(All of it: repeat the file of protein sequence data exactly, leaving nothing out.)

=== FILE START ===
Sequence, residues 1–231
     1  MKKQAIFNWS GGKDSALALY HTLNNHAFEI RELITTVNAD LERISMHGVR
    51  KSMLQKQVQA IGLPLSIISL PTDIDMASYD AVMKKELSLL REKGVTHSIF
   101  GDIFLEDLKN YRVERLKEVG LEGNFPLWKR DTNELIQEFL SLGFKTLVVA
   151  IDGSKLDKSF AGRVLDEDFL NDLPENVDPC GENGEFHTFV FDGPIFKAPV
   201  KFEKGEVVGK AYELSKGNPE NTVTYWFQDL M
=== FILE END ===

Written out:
Sequence, residues 1–231
     1  MKKQAIFNWS GGKDSALALY HTLNNHAFEI RELITTVNAD LERISMHGVR
    51  KSMLQKQVQA IGLPLSIISL PTDIDMASYD AVMKKELSLL REKGVTHSIF
   101  GDIFLEDLKN YRVERLKEVG LEGNFPLWKR DTNELIQEFL SLGFKTLVVA
   151  IDGSKLDKSF AGRVLDEDFL NDLPENVDPC GENGEFHTFV FDGPIFKAPV
   201  KFEKGEVVGK AYELSKGNPE NTVTYWFQDL M